Weekly copyright related summary of issues, congressional developments, judicial updates, administration updates, international updates and industry updates, courtesy of our friends at American Continental Group, Inc.
Summary of Issues:
The House Judiciary IP Subcommittee outlines how it intends to proceed with the copyright review process; Congress remains focused on resolving the government shutdown and debt limit; Apple files an appeal against a federal court decision that found the company guilty of e-book price collusion; a screenwriter sues Elysium’s director and producers for copyright infringement; Warner Brothers gets sued over the authorship of the film “Trouble With the Curve”; broadcasters will be allowed to examine Aereo’s patents amidst an ongoing copyright infringement lawsuit; broadcasters sue Aereo in Utah for copyright infringement; a Massachusetts District Judge rejects a Boston broadcast TV station’s motion for preliminary injunction against Aereo; President Obama chooses Kelly Welsh to be the next General Counsel at the Department of Commerce; the Copyright Office remains closed due to the government shutdown; the U.S. Patent and Trademark Office (USPTO) postpones its October 30 Department of Commerce public meeting on copyright policy issues; Apple expects to expand its Internet radio service to the UK by early 2014; the D.C. Chapter of The Copyright Society of the U.S.A. hosts former Rep. Howard Berman for a discussion on copyright; Google reveals record-breaking copyright infringement take-down statistics for the tail end of September; two Michigan men are arrested for filming movies in theatres; Amazon plans a holiday release of a set-top box that streams content over the Internet to the user’s TV; BitTorrent launches an ad campaign in an attempt to change its perceived image as an enabler of illegal file-sharing activities; Rep. Darrell Issa’s Legislative Director, Laurent Crenshaw, is leaving the Hill to work for Yelp; and CNN profiles the first library that has solely e-books.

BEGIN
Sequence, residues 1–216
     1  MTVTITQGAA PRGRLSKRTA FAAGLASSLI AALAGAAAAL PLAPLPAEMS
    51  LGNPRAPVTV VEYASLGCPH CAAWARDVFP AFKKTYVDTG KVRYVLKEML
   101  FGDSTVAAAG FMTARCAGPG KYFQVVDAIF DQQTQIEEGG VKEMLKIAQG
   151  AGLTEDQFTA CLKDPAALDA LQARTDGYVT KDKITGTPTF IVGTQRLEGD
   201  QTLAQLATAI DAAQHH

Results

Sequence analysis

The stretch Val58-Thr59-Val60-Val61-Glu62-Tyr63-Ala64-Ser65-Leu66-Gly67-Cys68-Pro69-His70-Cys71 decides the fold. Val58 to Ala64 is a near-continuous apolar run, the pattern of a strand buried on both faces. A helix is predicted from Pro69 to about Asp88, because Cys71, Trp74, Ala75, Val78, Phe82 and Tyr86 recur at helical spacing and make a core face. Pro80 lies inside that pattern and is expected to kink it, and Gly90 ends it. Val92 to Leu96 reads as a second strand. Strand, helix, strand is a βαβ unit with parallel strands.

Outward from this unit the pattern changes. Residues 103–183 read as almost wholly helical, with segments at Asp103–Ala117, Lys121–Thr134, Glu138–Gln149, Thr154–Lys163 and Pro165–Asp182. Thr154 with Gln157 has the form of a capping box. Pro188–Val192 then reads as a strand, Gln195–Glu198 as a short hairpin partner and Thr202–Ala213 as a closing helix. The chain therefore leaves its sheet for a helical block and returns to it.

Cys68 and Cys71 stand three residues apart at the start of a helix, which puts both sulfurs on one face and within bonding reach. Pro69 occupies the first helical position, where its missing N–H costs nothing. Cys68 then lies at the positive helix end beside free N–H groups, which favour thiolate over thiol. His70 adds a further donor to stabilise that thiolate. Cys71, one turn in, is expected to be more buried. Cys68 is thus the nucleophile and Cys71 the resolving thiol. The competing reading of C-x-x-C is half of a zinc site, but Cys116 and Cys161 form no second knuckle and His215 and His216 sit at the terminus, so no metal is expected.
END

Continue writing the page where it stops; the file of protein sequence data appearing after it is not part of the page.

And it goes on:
- The House Judiciary IP Subcommittee has outlined how it intends to proceed with the copyright review process. The plan is to work through Title 17 in sequential order, holding hearings on major chapters of copyright law. This process will likely take most of 2014, but it is unclear, given the current government shutdown, when the next copyright hearings will take place. The House Judiciary IP Subcommittee is also expected to continue its examination of patent reform, and it is unclear how much of the Subcommittee’s time and attention that will take. Additionally, the Subcommittee will be leading the effort to reauthorize the House Judiciary Committee portions of the Satellite Home Viewer Act next year.
- Congressional activity this week remained largely devoted to negotiations over funding the federal government and raising the debt ceiling.